As Largemouth Bass get ready to spawn, they’ll feed around structures and cover such as logs, docks, banks, and rocks. As the spring sun warms up the shallow water, Largemouth Bass will move into these locations. Large lakes with shallow, cloudy, or murky water will see more action sooner compared to deep lakes with clear water.

South-facing, northern sections of lakes, which are exposed to the most sunlight, will be the most productive areas to target first. Any protected bays or shallows that retain heat longer will always be the most productive areas to target.

When the water temperatures stabilize in the 60-degree range, Largemouth Bass will move into the shallows and spawn. However, a rapid change in water temperature due to a cold front can drive Largemouth Bass off their spawn beds, but they won’t wander too far.

Largemouth Bass won’t all spawn on the same day. So, if the Bass in the shallow waters aren’t actively feeding, try to target the fish that are still staging in deeper waters getting ready for their turn.

Remember, while the Largemouth Bass in shallow waters can be more aggressive in how they feed, they’re also dealing with more angling pressure, especially during the peak of the spawning period.

Another hot tip is that larger female Bass are often lurking around in the deeper water while the males make the spawn beds. Try fishing the deeper channels and areas around the spawning beds in order to target these larger female fish. Females only hold in the shallow water long enough to lay their eggs, and then they’re gone again, back to the safety of deeper water.

Read also: Largemouth Bass Seasons: A Comprehensive Guide

Factors Influencing Bass Spawning

As we mentioned above, location, weather, and moon phases all play a significant role in when Bass will spawn in a specific state. Even in the same state, Bass may spawn several weeks earlier or later than in previous years due to these factors.

Staying up to date with the local state fishing agency will be a great way to get a better understanding of when the fish will start their spawn. If you’re familiar with the area you plan on fishing, and know some local Bass anglers, talk to them about when they believe the spawn will start or has happened in previous years.

Once you understand the general period to be on the lookout for, it’s just a matter of waiting for the water temperatures and moon phases to align perfectly.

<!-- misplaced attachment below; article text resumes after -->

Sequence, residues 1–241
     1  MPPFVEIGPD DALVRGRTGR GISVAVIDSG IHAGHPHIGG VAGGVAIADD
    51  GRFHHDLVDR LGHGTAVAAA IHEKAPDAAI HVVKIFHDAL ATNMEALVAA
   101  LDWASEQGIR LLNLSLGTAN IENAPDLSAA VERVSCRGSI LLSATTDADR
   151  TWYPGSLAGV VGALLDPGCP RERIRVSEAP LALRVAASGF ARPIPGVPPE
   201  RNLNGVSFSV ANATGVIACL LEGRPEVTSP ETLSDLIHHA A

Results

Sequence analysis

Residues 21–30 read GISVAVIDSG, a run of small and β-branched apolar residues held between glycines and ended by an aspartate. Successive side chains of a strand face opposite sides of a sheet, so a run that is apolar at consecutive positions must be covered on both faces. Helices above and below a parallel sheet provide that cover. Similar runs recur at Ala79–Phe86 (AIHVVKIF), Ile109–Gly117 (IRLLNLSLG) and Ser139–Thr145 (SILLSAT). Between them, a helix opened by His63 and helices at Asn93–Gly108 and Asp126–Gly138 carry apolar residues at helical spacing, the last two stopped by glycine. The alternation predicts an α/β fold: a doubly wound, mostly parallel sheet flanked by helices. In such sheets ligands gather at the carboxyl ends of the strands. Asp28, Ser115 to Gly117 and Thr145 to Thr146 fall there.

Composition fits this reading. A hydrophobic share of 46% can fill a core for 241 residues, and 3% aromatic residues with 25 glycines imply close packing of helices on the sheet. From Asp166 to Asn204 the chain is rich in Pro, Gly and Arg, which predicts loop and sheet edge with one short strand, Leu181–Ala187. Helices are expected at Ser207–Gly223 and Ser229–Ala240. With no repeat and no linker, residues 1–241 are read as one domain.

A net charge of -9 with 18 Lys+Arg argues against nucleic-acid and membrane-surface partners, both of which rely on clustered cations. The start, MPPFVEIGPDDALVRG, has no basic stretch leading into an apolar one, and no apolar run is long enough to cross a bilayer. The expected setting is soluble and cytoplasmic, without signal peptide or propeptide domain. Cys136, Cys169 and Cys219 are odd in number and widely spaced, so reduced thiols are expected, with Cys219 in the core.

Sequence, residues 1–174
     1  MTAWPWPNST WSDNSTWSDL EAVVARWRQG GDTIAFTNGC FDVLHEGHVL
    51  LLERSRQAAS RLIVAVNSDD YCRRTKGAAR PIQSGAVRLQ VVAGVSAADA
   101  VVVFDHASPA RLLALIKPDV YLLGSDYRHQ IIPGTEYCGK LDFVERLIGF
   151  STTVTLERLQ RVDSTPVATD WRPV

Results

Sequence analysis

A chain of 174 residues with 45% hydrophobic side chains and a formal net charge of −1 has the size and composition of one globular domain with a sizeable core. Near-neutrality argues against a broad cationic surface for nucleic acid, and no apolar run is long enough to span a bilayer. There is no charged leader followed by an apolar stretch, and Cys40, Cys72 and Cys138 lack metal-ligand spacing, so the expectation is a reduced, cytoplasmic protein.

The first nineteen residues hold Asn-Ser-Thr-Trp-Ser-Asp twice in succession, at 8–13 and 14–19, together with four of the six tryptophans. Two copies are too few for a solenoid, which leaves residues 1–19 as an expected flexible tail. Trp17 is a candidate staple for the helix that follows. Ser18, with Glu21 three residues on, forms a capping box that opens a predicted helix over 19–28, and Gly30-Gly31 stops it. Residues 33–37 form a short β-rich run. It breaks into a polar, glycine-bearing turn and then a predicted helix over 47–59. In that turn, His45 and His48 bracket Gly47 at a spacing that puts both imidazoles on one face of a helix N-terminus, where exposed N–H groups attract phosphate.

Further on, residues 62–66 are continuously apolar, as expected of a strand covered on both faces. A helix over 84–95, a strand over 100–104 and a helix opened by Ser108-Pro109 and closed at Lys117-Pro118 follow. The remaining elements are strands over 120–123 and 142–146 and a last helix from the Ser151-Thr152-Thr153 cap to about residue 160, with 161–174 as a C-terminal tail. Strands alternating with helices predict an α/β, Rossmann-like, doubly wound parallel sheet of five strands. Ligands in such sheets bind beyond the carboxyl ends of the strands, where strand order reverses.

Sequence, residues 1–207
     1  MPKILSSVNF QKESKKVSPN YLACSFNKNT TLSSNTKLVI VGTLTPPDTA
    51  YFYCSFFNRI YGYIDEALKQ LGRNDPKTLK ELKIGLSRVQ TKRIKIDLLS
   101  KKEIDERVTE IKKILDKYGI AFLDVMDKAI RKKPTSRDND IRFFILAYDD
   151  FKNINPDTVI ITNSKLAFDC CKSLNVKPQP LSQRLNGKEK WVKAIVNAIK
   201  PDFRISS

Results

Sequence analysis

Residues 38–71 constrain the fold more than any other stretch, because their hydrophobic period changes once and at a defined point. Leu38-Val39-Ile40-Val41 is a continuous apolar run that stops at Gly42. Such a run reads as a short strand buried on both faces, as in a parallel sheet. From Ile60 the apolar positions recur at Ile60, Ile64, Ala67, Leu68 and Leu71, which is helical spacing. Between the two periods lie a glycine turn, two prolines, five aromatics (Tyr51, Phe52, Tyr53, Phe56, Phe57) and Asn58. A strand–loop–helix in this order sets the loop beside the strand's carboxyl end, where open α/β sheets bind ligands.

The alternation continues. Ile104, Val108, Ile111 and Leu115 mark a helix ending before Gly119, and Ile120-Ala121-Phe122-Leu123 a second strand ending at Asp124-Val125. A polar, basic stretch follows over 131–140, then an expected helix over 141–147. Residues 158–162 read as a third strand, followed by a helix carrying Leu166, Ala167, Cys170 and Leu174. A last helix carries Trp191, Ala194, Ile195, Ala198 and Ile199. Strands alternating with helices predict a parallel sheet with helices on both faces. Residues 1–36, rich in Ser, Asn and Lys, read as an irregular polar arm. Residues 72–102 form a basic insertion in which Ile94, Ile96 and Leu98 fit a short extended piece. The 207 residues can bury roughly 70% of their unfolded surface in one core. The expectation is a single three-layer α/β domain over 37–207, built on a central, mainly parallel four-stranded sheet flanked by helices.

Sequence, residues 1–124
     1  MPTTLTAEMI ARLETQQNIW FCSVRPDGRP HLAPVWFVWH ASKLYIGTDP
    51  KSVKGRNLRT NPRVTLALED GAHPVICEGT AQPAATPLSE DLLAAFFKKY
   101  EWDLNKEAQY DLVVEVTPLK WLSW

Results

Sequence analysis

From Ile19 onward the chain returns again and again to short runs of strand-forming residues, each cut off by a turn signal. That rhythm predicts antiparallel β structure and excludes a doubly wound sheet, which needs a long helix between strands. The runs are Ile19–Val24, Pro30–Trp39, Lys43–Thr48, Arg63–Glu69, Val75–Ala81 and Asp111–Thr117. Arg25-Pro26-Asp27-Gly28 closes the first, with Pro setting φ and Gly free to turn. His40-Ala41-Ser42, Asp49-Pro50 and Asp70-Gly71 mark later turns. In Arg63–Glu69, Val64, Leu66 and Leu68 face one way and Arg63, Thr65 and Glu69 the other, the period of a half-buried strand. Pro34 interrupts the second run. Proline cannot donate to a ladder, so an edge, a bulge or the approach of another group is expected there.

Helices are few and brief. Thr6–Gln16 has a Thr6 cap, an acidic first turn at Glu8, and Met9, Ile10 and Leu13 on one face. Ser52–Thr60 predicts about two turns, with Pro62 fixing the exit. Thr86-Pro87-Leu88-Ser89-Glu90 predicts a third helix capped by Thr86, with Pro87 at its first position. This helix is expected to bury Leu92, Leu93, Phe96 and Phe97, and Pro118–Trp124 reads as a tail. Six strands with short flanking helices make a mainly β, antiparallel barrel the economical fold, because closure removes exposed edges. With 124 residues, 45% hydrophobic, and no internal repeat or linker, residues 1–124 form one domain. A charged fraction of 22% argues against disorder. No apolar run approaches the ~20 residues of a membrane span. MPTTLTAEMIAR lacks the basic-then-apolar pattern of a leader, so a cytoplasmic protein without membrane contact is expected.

Warm states like Florida or Texas will see their Bass spawn start a lot sooner than mid-western states like Illinois, Michigan, or Minnesota.

Tips for Bass Fishing During Spawning Season

The shoreline points close to shallow water are key areas to target in the pre-spawn. Channels and gutters leading from deep water to shallow are key transition and staging areas for both male and female Bass.

Fishing underwater structures with crankbaits, lipless crankbaits, and most jigs, which are slowly and methodically dragged across the bottom, are effective on these early pre-spawn Bass.

As the fish move into their spawning areas, medium-diving crankbaits will be extremely effective. You want to use bright colors on your lures in cloudy water and natural patterns if you’re fishing in clear water. Try to run the crankbait deep enough that it bumps along the bottom. Another effective method is a jig that’s been tipped with a plastic craw. It’s a great way to fish different areas and see what fish are about. Try black and blue colors in any murky water, and a pumpkin or watermelon color if you’re fishing clear waters.

Fishing Bass on their beds can be extremely productive. However, you will need to deal with excessive pressure from other anglers. Try targeting fish on their spawn beds using Texas-rigged soft plastics.

When do Bass Spawn: A Comprehensive Guide to Bass Spawning Season – Conclusion

There you go! Everything you ever wanted to know about the Bass spawning season. As responsible anglers, it’s vital that we all do our part to ensure the ongoing success of the fishery. By releasing fish that are undersized or not needed, we’ll be able to ensure that future generations of angers get to enjoy the same exciting Bass fishery we all enjoy today for many years to come.

The advanced technology contained within the Fishbox App will allow you to track weather conditions accurately and predict the best times to go Bass fishing. Fishbox App combines weather, lunar, and tidal conditions with predictive fish behavior to deliver optimal fishing opportunities throughout the United States.

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If you would like to share your Bass fishing tips and tricks with other anglers, comment below. We love to receive your feedback, and we know that new anglers appreciate the guidance and wisdom from experienced anglers.